Gulf nations seek United Nations condemnation of attacks on oil tankers
United Nations, N.Y. — Increasingly concerned over attacks on shipping in the Gulf, six neighboring Arab states are taking their case to the United Nations Security Council. These oil states would like the Council to adopt a resolution that would condemn air strikes on oil tankers sailing to and from Gulf countries - excluding the actual combatants, Iran and Iraq - and that would reaffirm the freedom of navigation in the area, according to reliable sources. Seven vessels have been damaged in the Gulf since April, reportedly by Iran and Iraq.
If such a resolution is mildly phrased and devoid of direct mention or criticism of Iran, it could be adopted, several council members say. But Iran, as it has done before with Security Council resolutions, will likely reject it, analysts here say.
Abdallah Bishara, chairman of the Gulf Cooperation Council (GCC), which groups the six nations - Saudi Arabia, Kuwait, Oman, Qatar, Bahrain, and the United Arab Emirates - is consulting in New York with representatives of key Western, nonaligned, and communist powers in an effort to decide on a realistic and effective course of diplomatic action. The GCC's UN bid has the backing of the Arab League, which on Sunday accused Iran of attacking Gulf tankers.
Iran insists that the Security Council discredited itself with regard to the Iran-Iraq war when, shortly after Iraq attacked Iran in September 1980, it adopted a resolution that failed to condemn the aggressor. The resolution simply asked both countries to refrain from using violence.
''Diplomatically, the Iran-Iraq feud is a mine field. The Arab oil states are nervous to the extreme,'' says a Western diplomat with years of experience with the Gulf situation. ''On the one hand, they are afraid that Iraq may collapse. On the other hand, they do not want to incur Iran's wrath.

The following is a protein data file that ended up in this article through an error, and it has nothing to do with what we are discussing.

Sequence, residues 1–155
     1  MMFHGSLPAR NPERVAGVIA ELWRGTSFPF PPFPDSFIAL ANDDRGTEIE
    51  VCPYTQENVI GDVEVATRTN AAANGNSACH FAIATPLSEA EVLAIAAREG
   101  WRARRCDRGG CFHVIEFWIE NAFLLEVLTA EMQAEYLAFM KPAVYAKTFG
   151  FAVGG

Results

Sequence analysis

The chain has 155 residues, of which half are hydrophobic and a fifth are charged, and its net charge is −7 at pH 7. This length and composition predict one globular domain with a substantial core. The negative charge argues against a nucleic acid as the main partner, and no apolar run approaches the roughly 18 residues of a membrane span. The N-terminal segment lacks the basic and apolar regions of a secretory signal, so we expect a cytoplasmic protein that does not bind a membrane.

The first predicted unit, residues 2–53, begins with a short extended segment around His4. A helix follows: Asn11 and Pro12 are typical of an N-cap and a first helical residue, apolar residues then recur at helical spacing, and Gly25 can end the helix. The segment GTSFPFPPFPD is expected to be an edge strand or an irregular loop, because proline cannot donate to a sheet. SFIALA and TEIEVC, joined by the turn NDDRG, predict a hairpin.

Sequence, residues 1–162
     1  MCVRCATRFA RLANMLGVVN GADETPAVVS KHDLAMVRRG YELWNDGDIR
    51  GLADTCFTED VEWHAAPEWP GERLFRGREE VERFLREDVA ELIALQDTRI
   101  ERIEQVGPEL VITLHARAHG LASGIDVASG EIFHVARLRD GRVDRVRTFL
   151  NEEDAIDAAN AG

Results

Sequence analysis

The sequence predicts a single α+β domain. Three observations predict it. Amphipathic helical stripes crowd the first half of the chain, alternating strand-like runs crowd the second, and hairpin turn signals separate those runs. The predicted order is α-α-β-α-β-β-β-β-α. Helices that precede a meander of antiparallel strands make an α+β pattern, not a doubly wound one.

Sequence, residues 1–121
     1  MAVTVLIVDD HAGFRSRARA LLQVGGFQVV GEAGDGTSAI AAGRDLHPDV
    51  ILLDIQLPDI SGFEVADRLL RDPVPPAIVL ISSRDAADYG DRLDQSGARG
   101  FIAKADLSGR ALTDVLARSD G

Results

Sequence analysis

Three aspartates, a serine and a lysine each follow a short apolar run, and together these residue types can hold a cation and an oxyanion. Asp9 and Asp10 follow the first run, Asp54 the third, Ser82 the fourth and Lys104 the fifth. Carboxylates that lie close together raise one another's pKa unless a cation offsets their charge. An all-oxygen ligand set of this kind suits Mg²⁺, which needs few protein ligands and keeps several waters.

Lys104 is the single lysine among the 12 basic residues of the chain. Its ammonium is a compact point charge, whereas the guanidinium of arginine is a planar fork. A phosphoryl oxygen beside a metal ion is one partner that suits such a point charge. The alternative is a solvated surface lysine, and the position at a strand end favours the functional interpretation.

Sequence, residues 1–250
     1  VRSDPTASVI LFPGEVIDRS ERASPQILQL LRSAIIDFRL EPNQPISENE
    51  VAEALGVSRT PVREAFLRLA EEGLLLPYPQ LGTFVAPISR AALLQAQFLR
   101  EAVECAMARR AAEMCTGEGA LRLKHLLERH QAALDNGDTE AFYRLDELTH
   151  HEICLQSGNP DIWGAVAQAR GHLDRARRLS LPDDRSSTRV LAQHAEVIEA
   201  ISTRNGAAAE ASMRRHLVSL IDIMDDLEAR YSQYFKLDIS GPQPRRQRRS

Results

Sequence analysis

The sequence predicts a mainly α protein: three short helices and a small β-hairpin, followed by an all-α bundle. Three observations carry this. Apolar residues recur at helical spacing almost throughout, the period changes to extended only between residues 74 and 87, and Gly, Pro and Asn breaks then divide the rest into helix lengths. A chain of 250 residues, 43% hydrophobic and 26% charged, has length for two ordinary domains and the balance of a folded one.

''The nonaligned are wary of stepping on Iran's toes. The two superpowers have every reason to be very cautious as they pursue identical basic objectives: on the one hand, not anger the Arab countries and to some extent support Iraq in the immediate future so as to prevent its defeat; on the other hand, position themselves to 'catch the plum' - namely, Iran - when the fruit will be ripe, that is, when (Iran's leader Ayatollah) Khomeini passes away or when the Iranian revolution . . . comes to a halt.''
Britain is expected to play its hand cautiously: ''We are mainly interested in reaffirming the freedom of navigation,'' a British diplomat says.
The French, while heavily committed to Iraq through huge oil and trade agreements, do not support Iraq's recent escalation of the war. But they are also known to feel that Iran has not been pressured enough to enter peace talks with Iraq. For the time being, the United States and the Soviet Union are on the sidelines, trying to avoid showing their respective hands.
''They don't seek a confrontation in the area at this stage of the game,'' an informed UN official says. ''Obviously, Iraq, which is anxious to end the war, has recently launched an escalation in the hope that as a more dramatic and dangerous situation unfolds, the major powers (will) be persuaded to intervene and to try to bring the war to an end.''
The Arab oil states would like to focus the Council's attention only on the threat to navigation in the Gulf. Iran feels this question cannot be separated from the larger question of the 44-month war.
''Under the circumstances there is little the UN can do to restrain Iraq and Iran,'' says a key Council member. ''So far, all efforts by UN Secretary-General Perez de Cuellar, by the Organization of Islamic Conference, by the nonaligned to bring Iraq and Iran to the bargaining table have proved unsuccessful.''